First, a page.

California Dairies Inc., Land O’Lakes Put FARM Into Action

June 1, 2010 12:52 PM
 


When the board of directors of California Dairies, Inc. (CDI), decided to adopt an animal care program for the cooperative's 470 member dairies earlier this year, the group carefully considered its options.

First, CDI had to decide which of the many animal care programs best met its needs. As California's largest dairy processing co-op, CDI had been approached with several programs, but one ultimately rose to the top.

"Our customers told us they were aware of the National Dairy FARM (Farmers Assuring Responsible Management) Program,” says CDI's Eric Erba.

Developed with national dairy input, FARM was launched last fall by the National Milk Producers Federation and Dairy Management Inc.

CDI customers wanted some sort of assurance of appropriate animal care on dairies, Erba says, and without a program like FARM, they may have eventually mandated one of their own.

"They want measurable progress to be made,” Erba says. "Being involved in FARM has been viewed positively by our customers.”

FARM appealed not only to CDI but all of California's major producer-owned dairy processors. With them, CDI worked with Dairy CARES, a coalition of California processor and producer groups. Together, they rolled out a producer outreach program for the FARM process. Among the first phases was a series of workshops for producers explaining FARM.

"We've seen the full spectrum of member reaction,” Erba says. "It's ranged from those who fully understand what we need to do in terms of the marketing aspects of the business to others who think this is simply unnecessary on-farm monitoring.”

Another step has involved training its field staff to conduct the on-farm evaluations. By August 2010, CDI expects to begin the evaluations on its member dairies.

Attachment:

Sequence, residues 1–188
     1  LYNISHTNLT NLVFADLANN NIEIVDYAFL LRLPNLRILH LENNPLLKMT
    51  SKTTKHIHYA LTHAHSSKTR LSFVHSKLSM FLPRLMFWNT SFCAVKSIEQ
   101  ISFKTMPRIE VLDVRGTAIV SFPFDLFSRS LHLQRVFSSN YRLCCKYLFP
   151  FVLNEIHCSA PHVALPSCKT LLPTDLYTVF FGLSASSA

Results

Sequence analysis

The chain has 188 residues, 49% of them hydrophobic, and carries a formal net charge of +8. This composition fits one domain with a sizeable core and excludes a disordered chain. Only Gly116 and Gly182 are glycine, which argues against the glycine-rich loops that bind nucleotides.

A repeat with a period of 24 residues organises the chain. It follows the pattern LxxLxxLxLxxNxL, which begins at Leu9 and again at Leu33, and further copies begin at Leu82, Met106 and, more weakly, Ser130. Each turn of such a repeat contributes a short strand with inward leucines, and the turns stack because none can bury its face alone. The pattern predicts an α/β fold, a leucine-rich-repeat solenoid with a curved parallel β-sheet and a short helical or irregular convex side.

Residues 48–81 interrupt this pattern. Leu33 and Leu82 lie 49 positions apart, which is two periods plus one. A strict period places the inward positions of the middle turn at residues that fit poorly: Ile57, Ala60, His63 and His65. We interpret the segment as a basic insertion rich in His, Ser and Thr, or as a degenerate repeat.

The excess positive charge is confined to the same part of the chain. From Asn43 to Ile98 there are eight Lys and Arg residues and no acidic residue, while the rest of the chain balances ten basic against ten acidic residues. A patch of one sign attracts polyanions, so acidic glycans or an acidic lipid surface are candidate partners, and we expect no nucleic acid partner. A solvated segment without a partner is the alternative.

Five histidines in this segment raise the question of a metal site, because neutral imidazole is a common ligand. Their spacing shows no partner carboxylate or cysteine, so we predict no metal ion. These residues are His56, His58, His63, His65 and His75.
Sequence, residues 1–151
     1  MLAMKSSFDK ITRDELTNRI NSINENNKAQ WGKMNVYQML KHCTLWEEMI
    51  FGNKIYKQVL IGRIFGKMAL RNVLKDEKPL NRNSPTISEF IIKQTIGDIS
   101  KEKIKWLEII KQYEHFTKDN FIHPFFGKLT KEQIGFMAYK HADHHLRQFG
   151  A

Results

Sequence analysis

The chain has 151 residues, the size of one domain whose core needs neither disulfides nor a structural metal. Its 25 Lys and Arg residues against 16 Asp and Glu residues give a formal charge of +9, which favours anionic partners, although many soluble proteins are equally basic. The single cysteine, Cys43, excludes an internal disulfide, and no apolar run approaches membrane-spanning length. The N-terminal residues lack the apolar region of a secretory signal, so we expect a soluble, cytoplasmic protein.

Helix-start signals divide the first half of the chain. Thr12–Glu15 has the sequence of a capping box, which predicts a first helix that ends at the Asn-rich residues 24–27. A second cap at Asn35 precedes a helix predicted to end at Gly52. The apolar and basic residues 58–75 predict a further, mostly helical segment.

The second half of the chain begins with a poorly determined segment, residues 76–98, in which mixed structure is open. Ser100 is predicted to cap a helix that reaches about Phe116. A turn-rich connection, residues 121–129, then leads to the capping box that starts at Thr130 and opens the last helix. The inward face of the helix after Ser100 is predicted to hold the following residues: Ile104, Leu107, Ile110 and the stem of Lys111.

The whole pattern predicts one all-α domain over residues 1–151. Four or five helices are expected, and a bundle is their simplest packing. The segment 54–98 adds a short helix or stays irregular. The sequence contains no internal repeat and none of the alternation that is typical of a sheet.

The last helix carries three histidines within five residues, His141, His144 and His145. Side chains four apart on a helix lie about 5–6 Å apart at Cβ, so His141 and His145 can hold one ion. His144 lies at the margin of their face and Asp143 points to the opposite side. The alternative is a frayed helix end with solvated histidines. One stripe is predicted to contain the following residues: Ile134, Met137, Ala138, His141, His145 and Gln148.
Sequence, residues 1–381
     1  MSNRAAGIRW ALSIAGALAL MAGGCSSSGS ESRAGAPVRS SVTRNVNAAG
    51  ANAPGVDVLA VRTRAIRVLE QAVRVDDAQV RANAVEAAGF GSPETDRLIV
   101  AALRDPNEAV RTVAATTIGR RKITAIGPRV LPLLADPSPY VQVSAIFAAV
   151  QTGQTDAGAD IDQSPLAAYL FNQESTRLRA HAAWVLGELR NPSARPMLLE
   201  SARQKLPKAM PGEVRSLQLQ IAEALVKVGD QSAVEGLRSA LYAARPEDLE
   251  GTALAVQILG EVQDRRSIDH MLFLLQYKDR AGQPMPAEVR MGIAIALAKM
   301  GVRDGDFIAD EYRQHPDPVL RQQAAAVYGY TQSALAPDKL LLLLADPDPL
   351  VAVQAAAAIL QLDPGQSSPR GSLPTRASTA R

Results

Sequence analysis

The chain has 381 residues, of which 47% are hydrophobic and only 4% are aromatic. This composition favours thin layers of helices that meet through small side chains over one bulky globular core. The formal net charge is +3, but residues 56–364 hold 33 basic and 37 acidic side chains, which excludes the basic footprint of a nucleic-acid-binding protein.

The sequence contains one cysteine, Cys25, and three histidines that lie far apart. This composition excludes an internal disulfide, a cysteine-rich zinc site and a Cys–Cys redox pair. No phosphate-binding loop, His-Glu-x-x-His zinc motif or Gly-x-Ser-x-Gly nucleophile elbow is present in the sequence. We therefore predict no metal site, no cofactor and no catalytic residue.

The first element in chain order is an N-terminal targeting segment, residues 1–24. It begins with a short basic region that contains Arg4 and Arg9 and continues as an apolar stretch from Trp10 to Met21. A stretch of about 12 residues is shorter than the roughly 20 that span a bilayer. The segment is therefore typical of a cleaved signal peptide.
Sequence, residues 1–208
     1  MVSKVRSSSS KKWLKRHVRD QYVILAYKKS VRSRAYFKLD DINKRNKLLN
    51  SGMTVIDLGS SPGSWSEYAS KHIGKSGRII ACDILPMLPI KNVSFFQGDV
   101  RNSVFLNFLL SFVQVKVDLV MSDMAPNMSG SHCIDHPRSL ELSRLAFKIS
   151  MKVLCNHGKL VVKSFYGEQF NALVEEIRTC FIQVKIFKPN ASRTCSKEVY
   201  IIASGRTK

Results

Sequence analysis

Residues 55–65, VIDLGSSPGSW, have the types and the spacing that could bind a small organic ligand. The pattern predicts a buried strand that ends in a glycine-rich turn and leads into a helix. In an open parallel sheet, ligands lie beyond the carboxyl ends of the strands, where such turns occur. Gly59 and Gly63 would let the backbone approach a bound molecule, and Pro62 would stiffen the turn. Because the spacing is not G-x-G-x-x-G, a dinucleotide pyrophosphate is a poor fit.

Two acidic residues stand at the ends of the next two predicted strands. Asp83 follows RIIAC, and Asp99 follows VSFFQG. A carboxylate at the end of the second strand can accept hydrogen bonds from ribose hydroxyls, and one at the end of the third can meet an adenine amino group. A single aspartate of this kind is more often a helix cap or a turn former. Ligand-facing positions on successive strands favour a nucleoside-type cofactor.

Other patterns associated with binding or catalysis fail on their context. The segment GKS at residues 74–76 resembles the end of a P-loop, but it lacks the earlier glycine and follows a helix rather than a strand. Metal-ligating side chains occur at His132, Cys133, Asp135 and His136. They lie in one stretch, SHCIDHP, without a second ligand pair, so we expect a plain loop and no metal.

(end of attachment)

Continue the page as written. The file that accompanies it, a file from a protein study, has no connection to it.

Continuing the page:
Land O'Lakes has taken similar steps to implement the FARM program, not just in California but throughout the co-op's national system.

"We support FARM because the program provides consistent principles that promote the well-being of animals on the farm and will include third-party verification to independently confirm that dairy producers are using the best practices in animal care,” says Jeanne Forbis, director of corporate communications for Land O'Lakes.

By late May 2010, Land O'Lakes had concluded eight pilot evaluations across the country in conjunction with land grant universities such as the University of California, Davis; University of Wisconsin-Madison; University of Minnesota; and Penn State.

The co-op will start its on-farm evaluations in California first, beginning July 1, 2010. Land O'Lakes has about 275 California members.

"We will be utilizing a mix of in-house staff and contract individuals depending on the geography,” Forbis says. "While Dairy Foods [a division of Land O'Lakes] field staff may not always do the actual on-farm assessment, they will maintain our member relationships.”
 

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